Renewal tends to happen when basic questions are asked and explored anew. In this case, “what is ‘church’?” and within that, what is it for? As he has said in other writing — such as this one — there really is an enormous difference between how “church” is defined according to a general Protestant understanding and how it is defined according to a Catholic understanding. One might say that the difference boils down to taking the words, “One, Holy, Catholic, and Apostolic” seriously, with each word pointing to and consummating profound theological recognitions. How these recognitions begin to reorient and reorder one’s life in Christ in terms of everyday living become, to paraphrase Marshall McLuhan, “the message”.
The Church is, after all, not an end unto itself, but rather a “medium” by which the incarnation, life, and mission of Jesus Christ is extended and grown. The “message of this medium” involves our total life, ontologically changed and then fed by the Sacraments, continuously in relationship with God’s immeasurable love whether we recognize his grace or not. But it does matter that we attempt to recognize his loving grace. To do so, even when we don’t want to, is the call of the Christian life of prayer.
It is not that what we do is the fundamental bottom line for salvation. No — it is not what we do, but what God does, and how God imagines us. But we are called to respond. Our Prayer Book says it succinctly: prayer is responding to God, by thought and by deeds, with or without words. Notice the emphasis on action, even as ‘action’ here is broadly defined. We are not called to be doormats amid a watching of God’s beautiful emanations all around us in creation, as if salvation is like watching the correct television show. There is no place for passivity in the life dedicated to walking with Christ. We are called to activity.
All of this is fully in line with the recognition that Anglicanism is pragmatic — that is, rooted in doing, in practice (some call this ‘praxis’). Unlike schools of spirituality that are “confessional” (where membership requires assent to a list of doctrinal propositions) or “charismatic” (where membership requires an affirmation of an individual spiritual experience), the English-Anglican School roots membership in doing.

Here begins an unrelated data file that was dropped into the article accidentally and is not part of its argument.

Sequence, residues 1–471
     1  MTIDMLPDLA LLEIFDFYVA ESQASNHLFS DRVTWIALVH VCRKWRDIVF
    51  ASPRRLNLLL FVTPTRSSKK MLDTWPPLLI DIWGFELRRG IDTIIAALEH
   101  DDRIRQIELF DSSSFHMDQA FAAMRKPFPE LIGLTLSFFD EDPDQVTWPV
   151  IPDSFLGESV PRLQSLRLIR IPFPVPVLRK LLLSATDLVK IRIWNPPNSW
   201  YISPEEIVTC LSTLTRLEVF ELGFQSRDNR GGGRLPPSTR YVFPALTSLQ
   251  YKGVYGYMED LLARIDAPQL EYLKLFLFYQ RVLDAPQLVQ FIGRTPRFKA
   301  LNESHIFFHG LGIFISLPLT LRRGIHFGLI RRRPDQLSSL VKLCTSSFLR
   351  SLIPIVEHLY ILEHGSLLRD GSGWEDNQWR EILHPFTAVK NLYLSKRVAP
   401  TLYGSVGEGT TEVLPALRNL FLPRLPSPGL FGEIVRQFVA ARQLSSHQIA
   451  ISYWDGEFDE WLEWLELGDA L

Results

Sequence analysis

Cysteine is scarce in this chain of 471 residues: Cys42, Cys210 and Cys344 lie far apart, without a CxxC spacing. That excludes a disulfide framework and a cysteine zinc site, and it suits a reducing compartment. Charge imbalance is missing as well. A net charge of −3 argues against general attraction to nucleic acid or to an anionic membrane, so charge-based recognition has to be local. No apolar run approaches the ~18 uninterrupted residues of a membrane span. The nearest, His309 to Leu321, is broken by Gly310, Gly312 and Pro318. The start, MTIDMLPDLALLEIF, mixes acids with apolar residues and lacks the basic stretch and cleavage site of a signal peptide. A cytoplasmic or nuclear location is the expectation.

This is, however, to say more than merely a churchy version of “half of life is just showing up”. Why? Because “just showing up” is I suppose active, but only minimally so. It is far too passive to be an authentic response to God’s calling. Yes, you have to “show up” to the Liturgy. But the Liturgy is not a movie, nor a theatrical performance. The Liturgy is God making Himself known to us through profound conversation and interaction. The Liturgy presuppose participation of a particularly profound kind. It is rather an immersion: the senses, the mind, the body, the heart.
And it is not just on Sundays and days of Holy Obligation. The liturgical life is continuous, Sunday to Sunday, Easter to Easter. As Martin Thornton writes, “the ‘liturgy’ is not worship, it is a system”. This system is the dynamic interaction of Mass, Office, and personal devotion (usually Bible meditation). It bleeds into, and fuels, the ordained ministry of the Laity — the people of God — to seek and serve Christ in others and in all of creation. To say that the liturgical life is continuous is simply to take God’s love seriously: it is immeasurable, it comes before and precedes anything we do — this is what “prevenient grace” means. Any pragmatic School of spirituality makes prevenient grace central to its self-understanding.
The English-Anglican School is pragmatic, yes. But perhaps it is better to call it “ascetical”. The term “pragmatic” has virtually lost all sense of its original meaning, rooted in “to do”. It now is commonly recognized as meaning practical and non-ideological: “what works”. The common definition leads in a different direction than a life lived following the steps of Christ. I guess if you meditate upon that common definition, you might still be able to detect echoes of the original meaning. But that is stretching too far. Ascetical is better, and a term from the Pauline Epistles and the early Church.
To say that the Anglican School is ascetical recognizes that the daily participation in the liturgical and sacramental life of Christ is participation rooted in our response to become disciples of Christ, and to deepen our relationship with, and likeness to, God (theosis). To call the Anglican School ascetical recognizes that this participation is a journey — one that proceeds through one’s entire life and into the next (from the Church Militant to the Church Expectant and hopefully to the Church Triumphant).
To call the Anglican School ascetical is to recognize that God’s plunging of our identities into the vast possibilities of Triune reality and discernment — a plunging accomplished through the Sacraments of Baptism and Confirmation — must issue in activity that is led by Christ. His own baptism in the River Jordan models this. Upon his immersion in water, Jesus heard God the Father speaking and was anointed by the Holy Spirit. And his ministry thus officially began.
“Pragmatic” is being there. “Ascetical” is being Triune.